The Beach Boy

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He has heard tales of The Beach: the sugar sand leading to a phosphorescent sea, the beautiful people living in an unruffled commune, the symbiosis of modern man and primal nature. And if these attractions don't give you a high, then the free dope will--it sprouts like kudzu all over the place. Now Richard, the narrator of the book and film The Beach, has somehow reached this ideal island in Thailand, this littoral dream made literal. But Utopia isn't good enough for Richard, because he's questing, he's weak, he's ornery... he's Leonardo DiCaprio. The Beach opened last week preceded by the odor of dead fish. Early word was disastrous, and the first reviews didn't help. From this critic's seat, the view is mixed. The film that director Danny Boyle and scripter John Hodge have fashioned from Alex Garland's novel has plenty of beguilements and even more problems. It's a big, mixed bag, ambitious and frustrating, with a lot on its mind and a daring, assured performance from the young star. In short, it's a typical DiCaprio movie.

Always remember this: for DiCaprio, Titanic--the all-time blockbuster that made him king of the movie world--was an anomaly, a fluke. He built his career not by playing the blameless hero in big swoony technotrash but by finding weird corners and gray areas in troubled teens in small, off-Broadwayish movies. He was a critics' darling before he was a heartthrob. The easy ingratiation he paraded in Titanic is one of his gifts, but not the most notable. We prefer his off-kilter choice of projects, his perfect pitch within so many of the characters he's played.


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He could have incarnated Top Guns and baby Terminators, or starred in any of a zillion teen comedies. But he chose a tougher route to filling out his résumé. And as it grew, in his seven major roles before Titanic, a portrait of the young artist began to emerge. So often DiCaprio played the emotional orphan, in a forlorn quest not for a father but for his own budding maturity--for a chance to become the man who needs no father.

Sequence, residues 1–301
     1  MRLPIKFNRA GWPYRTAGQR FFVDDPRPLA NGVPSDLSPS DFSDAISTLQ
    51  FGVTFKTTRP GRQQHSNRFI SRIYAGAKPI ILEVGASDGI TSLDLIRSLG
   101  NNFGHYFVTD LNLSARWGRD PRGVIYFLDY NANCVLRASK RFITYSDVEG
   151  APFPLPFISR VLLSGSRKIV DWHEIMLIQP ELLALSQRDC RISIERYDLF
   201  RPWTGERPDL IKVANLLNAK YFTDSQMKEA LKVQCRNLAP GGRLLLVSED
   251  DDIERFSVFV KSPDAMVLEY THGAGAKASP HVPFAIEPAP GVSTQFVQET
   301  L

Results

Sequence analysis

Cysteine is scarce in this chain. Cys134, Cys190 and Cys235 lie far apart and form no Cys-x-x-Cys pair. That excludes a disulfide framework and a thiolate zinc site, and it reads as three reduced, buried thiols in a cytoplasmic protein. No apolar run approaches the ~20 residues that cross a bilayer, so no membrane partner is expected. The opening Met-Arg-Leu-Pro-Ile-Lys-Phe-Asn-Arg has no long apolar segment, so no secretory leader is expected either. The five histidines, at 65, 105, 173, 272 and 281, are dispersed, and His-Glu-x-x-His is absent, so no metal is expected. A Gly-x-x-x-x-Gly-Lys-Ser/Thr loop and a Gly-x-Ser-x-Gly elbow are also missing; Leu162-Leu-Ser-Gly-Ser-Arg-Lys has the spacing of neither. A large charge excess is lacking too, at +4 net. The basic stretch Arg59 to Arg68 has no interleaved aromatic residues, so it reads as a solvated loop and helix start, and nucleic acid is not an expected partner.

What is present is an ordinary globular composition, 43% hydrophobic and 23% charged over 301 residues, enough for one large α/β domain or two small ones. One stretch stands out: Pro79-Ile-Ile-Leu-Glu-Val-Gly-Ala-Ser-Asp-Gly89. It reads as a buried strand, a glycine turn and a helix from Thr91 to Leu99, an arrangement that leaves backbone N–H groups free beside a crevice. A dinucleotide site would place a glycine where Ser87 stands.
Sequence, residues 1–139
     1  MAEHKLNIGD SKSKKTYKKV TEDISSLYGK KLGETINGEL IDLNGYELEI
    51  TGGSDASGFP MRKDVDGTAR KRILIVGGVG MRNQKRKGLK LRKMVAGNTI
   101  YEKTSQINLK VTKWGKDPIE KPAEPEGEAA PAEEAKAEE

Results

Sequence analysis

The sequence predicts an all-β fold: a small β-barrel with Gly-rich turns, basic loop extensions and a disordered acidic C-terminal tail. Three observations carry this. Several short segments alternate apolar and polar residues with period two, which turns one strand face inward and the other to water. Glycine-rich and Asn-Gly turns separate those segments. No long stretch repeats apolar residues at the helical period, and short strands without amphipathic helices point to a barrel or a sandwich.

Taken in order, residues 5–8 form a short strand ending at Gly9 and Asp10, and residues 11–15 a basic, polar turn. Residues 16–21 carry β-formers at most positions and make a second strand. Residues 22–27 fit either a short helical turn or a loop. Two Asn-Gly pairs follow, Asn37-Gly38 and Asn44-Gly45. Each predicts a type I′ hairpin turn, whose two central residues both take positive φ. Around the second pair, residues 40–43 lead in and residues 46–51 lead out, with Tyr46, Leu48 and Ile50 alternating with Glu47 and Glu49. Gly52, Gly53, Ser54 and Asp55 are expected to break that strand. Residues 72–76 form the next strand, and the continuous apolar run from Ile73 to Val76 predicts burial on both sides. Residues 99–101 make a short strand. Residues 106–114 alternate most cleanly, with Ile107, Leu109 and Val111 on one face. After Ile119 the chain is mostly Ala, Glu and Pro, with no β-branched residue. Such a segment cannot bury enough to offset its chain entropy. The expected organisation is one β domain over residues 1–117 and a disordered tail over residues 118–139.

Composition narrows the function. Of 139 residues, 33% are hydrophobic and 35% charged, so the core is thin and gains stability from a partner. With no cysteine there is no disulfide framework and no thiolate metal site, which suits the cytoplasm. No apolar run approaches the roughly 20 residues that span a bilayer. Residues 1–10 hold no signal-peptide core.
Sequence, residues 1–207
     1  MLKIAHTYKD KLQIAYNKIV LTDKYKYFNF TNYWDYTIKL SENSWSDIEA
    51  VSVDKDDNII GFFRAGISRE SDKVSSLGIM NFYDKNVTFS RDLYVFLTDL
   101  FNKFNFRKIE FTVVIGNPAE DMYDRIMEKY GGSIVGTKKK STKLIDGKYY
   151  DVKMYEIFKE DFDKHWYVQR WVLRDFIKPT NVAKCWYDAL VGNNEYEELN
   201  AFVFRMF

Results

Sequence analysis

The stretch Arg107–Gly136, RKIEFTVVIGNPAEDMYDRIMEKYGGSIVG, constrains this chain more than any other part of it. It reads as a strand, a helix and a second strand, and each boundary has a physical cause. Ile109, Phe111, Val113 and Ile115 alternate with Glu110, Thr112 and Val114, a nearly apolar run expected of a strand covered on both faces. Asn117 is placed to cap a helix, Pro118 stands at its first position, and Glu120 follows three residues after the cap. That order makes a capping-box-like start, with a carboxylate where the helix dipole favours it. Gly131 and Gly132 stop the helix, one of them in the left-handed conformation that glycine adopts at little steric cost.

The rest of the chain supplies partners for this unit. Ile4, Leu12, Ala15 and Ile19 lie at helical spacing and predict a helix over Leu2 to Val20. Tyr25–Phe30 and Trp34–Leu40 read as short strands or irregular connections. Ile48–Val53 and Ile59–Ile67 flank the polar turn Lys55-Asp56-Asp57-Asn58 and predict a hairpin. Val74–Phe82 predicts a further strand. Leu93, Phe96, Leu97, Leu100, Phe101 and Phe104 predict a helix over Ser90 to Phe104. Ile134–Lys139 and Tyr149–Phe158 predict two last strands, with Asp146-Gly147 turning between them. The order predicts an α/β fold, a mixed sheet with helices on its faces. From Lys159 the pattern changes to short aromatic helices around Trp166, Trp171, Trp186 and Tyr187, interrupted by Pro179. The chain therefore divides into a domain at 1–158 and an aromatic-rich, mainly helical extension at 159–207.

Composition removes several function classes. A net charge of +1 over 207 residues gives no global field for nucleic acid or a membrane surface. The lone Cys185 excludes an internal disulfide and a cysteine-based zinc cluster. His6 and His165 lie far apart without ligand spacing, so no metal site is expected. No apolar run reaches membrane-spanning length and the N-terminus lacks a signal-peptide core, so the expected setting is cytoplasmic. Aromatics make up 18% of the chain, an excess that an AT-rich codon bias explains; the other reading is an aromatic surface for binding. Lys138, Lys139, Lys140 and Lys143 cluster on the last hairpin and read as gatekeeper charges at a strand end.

He burst on the scene, seemingly out of nowhere--the soap Santa Barbara, the sitcom Growing Pains (as a homeless kid), bits in Critters 3 and Poison Ivy--as Toby in This Boy's Life. He is at the center of this movie about a boy who bad-lucks into a stint with an abusive stepfather. And he holds the center; he can commandeer the screen doing nothing, with an eloquent slouch and a gaze that says, beneath the winsomeness, I can take it.

He is just as willful and complex playing Arnie, the retarded boy living under a death sentence in What's Eating Gilbert Grape; as he is playing Meryl Streep's pyromaniac son Hank in Marvin's Room. Other young actors, to keep viewers on their side, would strike the sympathy key fortissimo. But DiCaprio, knowing that he had a cuddly-toy quality (a face just shy of puberty, a smile that, in his first TV spot, was used to sell milk), barely rouged the rougher aspects of his characters. Toby is a decent kid, but his stabs at '50s punkdom rasp the nerves. Arnie is so aware of his doom that when he tells a new friend, I could go at any time, it sounds like a come-on; yet his rampages drive his saintly brother (Johnny Depp) to violence. And Hank could be just a bad kid trapped in a boy-angel's body. But DiCaprio could be all of these very different kids, plausibly and attractively.

Every promising career needs a catastrophe, if only for a change of pace, and Total Eclipse was DiCaprio's. This is the movie folks rent to snag a glimpse of the star's naughty bits (for which a slow button, a magnifying glass and a vivid imagination are required). No more Mr. Nice Guy; as Arthur Rimbaud, Paris' teen-poet sensation of 1870, DiCaprio has a talent to abuse. In an early sketch for the out-of-control movie star he so cagily plays in Celebrity, Rimbaud stands naked on an attic window ledge, pisses on someone he doesn't care for, sodomizes his friend Paul Verlaine. Well, the older poet asked for it--begged for it. Rimbaud is Verlaine's slut, coquette, dominatrix and muse. This rollicking atrocity of a film offers the most convulsive affair in the DiCaprio oeuvre, and the clearest image of the awful power the young, gorgeous and deranged have over those brave and stupid enough to fall in love with them.

I decided to be a genius, Rimbaud says. I decided to originate the future. What DiCaprio was originating in his next phase was rambunctious guys with no future at all. Rimbaud: poisoned by infection. Kid, the gunpoke in The Quick and the Dead: shot dead by his dastardly dad. Jim, the Catholic schoolboy in The Basketball Diaries: nearly kills himself with heroin. At least these misfits courted disaster. The only sin of the noble DiCaprio hero in Romeo + Juliet and Titanic is to be caught in the wrong place with the girl he loves. Has any teen idol played so many characters who end up dead? (DiCaprio's double role in The Man in the Iron Mask doesn't suit our thesis--he is pampered by four father figures and gives a soggy performance--so we'll ignore it.)